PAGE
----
Credits: 1 AIA LU/HSW; 0.1 IACET CEU
May qualify for learning hours through most Canadian architectural associations.
Chris Clark: As manager of Huber Engineered Woods’ Product Engineering Team, Chris Clark is a technical resource providing consulting to contractors on the job site, as well as architects and engineers in regards to how HEW products can be incorporated into their design to meet local building codes. Since graduating with a Masters of Science in Civil Engineering with a focus on structural engineering, his decade of industry experience is centered on the design requirements of wood-framed structures.
Designing control barriers to manage bulk water, air, thermal bridging and vapor in building enclosures is only the beginning to an effective exterior. While straightforward along flat, continuous surfaces, it is the non-continuous conditions, including transitions, penetrations and interruptions that present design and construction complexity to maintain effective barrier performance. This course emphasizes critical areas, in which detailing continuity in these control barriers are important to address, especially when using today’s integrated sheathing systems.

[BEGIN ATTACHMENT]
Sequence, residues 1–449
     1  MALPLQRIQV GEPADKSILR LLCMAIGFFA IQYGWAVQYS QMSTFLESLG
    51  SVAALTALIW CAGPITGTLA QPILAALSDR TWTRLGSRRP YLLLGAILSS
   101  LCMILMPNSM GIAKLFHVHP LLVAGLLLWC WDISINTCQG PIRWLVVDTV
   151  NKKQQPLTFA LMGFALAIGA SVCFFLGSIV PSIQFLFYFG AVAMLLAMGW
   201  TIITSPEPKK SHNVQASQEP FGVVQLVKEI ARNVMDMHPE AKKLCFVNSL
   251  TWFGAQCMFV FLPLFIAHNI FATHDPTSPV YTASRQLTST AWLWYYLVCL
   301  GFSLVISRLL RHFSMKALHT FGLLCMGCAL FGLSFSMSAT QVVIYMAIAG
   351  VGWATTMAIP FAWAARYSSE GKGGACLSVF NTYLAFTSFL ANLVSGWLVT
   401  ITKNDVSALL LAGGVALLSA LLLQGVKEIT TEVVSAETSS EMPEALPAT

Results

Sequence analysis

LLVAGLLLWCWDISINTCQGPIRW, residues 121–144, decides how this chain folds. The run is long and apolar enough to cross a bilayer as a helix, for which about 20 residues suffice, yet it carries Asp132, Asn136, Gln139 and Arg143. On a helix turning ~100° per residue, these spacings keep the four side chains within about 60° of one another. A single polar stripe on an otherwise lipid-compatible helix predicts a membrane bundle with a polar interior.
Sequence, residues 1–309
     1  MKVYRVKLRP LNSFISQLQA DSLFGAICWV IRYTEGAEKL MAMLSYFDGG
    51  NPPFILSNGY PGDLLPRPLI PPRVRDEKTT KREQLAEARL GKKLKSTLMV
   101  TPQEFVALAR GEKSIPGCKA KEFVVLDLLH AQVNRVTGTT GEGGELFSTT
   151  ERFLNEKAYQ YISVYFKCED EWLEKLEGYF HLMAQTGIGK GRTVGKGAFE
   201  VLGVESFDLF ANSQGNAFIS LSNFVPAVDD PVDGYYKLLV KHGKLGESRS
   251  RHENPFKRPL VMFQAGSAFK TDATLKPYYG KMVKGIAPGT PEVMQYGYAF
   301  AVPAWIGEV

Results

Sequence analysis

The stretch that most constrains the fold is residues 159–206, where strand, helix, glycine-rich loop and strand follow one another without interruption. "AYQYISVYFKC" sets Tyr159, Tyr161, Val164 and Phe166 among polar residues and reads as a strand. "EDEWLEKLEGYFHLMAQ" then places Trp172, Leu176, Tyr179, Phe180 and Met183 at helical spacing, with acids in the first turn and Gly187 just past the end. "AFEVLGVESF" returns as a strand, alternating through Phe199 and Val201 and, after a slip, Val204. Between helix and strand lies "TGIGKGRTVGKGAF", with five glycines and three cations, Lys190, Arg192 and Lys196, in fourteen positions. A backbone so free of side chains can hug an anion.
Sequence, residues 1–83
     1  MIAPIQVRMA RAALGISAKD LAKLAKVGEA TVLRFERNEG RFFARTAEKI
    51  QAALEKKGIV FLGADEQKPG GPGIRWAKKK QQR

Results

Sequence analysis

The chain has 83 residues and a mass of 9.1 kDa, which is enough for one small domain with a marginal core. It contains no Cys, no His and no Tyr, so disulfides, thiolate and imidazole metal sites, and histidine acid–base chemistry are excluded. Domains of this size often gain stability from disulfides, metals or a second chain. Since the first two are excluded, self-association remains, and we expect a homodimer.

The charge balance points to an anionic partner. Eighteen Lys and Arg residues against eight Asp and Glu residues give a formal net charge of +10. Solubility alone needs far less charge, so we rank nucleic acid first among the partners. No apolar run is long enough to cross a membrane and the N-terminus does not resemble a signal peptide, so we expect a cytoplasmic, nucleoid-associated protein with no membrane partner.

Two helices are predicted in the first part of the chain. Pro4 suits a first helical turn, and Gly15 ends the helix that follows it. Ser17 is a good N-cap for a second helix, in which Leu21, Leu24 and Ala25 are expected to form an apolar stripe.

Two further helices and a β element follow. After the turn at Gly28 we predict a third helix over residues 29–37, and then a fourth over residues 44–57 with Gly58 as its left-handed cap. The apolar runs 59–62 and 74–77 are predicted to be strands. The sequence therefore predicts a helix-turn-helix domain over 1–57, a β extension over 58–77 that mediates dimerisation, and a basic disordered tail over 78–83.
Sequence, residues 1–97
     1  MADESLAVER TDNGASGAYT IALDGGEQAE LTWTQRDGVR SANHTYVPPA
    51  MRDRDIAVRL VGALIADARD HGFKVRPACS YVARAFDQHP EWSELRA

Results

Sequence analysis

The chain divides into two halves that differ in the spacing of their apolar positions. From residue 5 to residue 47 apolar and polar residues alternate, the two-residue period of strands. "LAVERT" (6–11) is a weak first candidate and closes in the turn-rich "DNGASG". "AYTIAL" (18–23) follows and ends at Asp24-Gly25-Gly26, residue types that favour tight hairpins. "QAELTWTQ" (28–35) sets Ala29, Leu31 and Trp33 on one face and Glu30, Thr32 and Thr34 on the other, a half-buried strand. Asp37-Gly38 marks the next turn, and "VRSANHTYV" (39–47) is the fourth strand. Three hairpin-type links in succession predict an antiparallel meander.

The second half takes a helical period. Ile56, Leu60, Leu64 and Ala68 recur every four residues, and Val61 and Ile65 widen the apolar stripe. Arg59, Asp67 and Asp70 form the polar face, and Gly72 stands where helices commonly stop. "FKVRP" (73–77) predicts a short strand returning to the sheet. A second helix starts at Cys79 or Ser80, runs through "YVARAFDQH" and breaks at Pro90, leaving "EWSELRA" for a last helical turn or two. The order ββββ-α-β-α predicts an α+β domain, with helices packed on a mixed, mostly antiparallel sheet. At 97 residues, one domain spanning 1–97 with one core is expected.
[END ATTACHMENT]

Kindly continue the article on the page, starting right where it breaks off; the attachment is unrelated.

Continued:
Learning Objectives - After viewing this webinar, attendees should be able to:
- Explain the four primary, code based control layers that make up a building enclosure system.
- Define the primary issues related to continuity of building enclosure control layers in wood-framed wall and roof assemblies.
- Review the common choices for products and materials for building enclosure control layers, including critical transitional areas.
- Compare different drawing details and solutions for their use in wood-framed wall and roof assemblies.